Trying to Capture Dynamic Behavior

by Laureano F. Escudero

This article presents a set of real-life industrial applications of mathematical programming that go from LP and 0-1 programming to combinatorics, network optimization, nonlinear optimization and stochastic programming in the broad area of supplying, production, allocation, distribution, scheduling and dynamic planning. The application cases belong to the strategic, tactical and operational domains.

Description of Applications


Open Market Electric Generation Allocation. The pace of deregulation and the introduction of competition into the energy industry are accelerating globally. The main objective of the electricity market deregulation all over the world is to decrease the cost of electricity through competition. This is achieved through radical changes in the market and regulatory structure, such as the "unbundling" of functions (separation of generation, transmission and distribution segments) and the creation of bid-based electricity markets (see [15] and [19]).

One of the tools that can be used in this new environment is a modeling and algorithmic framework for robust simulation of multi-period hydrothermal power management under uncertainty. The uncertainty involves generators' availability, fuel procurement, transport and stock costs, exogenous water inflow at river basins and energy demand along a given time horizon. Very often there are thousands of constraints and variables for deterministic situations. Given today's optimization state-of-the-art tools, deterministic models should not present major difficulties for problem solving, at least inenvironments. However, since the pioneering work of Martin Beale and George Dantzig in the mid-1950s, researchers have recognized that traditional deterministic optimization is not suitable for capturing the truly dynamic behavior of most real-world applications.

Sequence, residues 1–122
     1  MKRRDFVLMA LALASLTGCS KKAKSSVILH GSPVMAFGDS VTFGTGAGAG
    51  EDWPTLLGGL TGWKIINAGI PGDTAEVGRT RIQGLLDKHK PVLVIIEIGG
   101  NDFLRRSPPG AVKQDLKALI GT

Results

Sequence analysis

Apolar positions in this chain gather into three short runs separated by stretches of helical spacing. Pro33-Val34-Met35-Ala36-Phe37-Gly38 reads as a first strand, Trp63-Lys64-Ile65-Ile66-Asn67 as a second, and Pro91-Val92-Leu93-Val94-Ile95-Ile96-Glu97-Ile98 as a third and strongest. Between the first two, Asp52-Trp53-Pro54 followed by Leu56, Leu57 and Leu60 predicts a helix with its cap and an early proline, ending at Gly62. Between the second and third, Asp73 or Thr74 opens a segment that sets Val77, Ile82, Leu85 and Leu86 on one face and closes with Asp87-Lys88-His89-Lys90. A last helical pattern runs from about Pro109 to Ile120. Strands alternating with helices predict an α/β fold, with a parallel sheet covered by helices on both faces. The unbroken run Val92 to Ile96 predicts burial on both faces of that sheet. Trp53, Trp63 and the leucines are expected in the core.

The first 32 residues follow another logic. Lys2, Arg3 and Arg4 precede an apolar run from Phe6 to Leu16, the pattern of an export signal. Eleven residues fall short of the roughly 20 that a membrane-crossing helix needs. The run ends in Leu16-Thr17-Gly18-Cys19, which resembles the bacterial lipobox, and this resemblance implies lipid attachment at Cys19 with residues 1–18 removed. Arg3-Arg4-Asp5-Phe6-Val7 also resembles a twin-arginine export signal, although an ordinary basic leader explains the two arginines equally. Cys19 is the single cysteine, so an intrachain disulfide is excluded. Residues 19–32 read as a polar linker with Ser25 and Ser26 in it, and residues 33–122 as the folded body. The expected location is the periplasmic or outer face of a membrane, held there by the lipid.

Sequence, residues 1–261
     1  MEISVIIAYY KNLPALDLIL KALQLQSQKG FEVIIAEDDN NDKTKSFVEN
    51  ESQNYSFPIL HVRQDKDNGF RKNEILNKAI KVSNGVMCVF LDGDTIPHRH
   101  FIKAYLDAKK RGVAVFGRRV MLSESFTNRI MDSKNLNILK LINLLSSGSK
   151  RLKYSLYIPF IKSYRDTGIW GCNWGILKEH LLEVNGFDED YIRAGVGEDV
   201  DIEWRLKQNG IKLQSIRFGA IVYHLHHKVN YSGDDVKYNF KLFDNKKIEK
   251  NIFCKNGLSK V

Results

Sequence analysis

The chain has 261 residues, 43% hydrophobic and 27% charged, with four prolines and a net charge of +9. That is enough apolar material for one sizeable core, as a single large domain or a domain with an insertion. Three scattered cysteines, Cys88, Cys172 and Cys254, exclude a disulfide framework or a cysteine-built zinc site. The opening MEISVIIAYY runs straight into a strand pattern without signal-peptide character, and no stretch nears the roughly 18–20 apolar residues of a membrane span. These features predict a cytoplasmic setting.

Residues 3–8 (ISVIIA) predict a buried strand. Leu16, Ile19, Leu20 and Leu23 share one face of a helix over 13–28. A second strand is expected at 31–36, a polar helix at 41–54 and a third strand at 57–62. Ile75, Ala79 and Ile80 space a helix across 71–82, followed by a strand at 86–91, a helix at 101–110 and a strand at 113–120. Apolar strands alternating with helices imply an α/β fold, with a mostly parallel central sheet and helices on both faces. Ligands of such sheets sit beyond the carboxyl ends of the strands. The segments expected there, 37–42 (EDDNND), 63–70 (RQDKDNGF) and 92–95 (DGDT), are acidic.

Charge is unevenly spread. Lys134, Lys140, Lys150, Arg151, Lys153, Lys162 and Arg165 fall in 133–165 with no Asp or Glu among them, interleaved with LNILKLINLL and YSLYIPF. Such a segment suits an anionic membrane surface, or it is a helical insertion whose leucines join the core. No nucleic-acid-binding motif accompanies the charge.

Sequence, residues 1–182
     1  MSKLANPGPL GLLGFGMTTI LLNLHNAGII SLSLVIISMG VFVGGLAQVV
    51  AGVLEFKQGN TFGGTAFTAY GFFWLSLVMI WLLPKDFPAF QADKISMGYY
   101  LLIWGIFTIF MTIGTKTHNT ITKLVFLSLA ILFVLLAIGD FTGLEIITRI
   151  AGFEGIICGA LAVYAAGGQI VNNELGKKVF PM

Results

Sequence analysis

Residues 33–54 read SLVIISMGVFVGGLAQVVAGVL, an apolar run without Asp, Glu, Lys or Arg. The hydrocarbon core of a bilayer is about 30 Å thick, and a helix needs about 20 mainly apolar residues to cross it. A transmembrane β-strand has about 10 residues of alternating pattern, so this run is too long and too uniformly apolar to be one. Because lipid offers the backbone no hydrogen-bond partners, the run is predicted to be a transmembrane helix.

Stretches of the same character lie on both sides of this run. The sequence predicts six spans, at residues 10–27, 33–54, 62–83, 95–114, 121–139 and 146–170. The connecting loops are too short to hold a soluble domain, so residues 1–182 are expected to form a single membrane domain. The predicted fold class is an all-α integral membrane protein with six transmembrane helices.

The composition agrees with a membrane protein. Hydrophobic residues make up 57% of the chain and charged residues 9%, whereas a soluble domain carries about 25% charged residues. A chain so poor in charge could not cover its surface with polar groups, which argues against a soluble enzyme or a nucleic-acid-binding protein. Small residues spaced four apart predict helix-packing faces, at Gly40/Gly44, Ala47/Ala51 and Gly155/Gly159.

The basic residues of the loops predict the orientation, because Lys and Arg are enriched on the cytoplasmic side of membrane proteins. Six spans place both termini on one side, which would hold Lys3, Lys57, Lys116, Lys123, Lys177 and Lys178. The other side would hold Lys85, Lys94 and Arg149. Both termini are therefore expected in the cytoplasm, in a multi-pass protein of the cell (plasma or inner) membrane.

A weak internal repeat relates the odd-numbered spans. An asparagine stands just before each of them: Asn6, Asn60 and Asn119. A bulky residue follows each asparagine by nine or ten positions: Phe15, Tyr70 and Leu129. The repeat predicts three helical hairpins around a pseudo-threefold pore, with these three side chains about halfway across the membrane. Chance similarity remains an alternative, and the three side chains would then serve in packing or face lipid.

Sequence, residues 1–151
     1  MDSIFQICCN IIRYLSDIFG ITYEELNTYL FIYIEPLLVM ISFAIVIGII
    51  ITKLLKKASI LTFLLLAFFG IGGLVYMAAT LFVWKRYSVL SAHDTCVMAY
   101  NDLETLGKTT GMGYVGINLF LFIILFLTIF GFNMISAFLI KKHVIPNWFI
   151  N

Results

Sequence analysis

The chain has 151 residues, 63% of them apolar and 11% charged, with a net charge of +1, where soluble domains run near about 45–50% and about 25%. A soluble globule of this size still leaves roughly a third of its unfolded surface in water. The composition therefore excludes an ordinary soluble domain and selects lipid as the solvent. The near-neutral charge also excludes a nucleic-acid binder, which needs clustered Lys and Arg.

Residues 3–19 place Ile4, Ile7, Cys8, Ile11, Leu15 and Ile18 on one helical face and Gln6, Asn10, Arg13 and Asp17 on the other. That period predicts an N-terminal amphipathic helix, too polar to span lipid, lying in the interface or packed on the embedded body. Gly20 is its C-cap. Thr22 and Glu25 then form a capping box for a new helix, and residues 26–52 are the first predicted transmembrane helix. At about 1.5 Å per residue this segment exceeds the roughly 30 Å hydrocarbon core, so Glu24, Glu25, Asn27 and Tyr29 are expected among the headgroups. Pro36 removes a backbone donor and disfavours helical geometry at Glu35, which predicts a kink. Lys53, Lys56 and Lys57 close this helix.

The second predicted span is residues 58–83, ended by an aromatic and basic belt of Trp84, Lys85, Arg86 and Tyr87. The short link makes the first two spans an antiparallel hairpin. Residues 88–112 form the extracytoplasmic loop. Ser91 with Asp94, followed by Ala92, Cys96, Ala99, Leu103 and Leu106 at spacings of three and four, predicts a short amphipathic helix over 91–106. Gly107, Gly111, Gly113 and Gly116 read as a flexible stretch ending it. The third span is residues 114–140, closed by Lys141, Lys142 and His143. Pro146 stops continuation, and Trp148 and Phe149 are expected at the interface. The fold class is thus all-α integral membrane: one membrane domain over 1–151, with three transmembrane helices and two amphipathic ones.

A better approach for such situations is to employ two-stage scenario analysis in which an electric generation decision policy, for example, can be implemented for a given set of initial time periods. The solution for the other periods need not be anticipated since it depends on the scenario to occur (see [14]). The "dualization" of the coupling constraints for the splitting control variables of the last period from the first stage results in a quasi-separable Lagrangian function in which Augmented Lagrangian Decomposition (ALD) schemes can be used.

(A multi-stage nonlinear stochastic network approach for hydropower generation optimization is described in [10]. The dualization of the coupling constraints for the scenario groups in each time period along the time horizon allows for an ALD approach. A parallel-computing scheme benefits from the related structure.)

Oil Supply, Transformation and Distribution Planning under Uncertainty. The problem to address is a modeling and algorithmic approach for optimizing the logistics of supplying, transformation and distribution scheduling of oil products under uncertainty. The product is transported from its origin to refineries and storage depots, and from there to destinations over a given time horizon. The goal is to obtain a procurement, transportation and production schedule at a minimum expected cost of raw material supply, transformation, transport and storage. The schedule must satisfy the end-product demand, subject to supply limitations, transformation constraints, transportation mode capacity and stock limitations, and some other logical, technical, economic and regulatory constraints. The complication arises from the data uncertainties due to the fact that the information that will be needed for subsequent stages is not available to the decision-maker when the decision has to be made. The problem then exhibits uncertain supplies and demands as well as uncertain raw material spot prices, refinery productions, stock inventories, and transformation means and transportation mode availability, among others.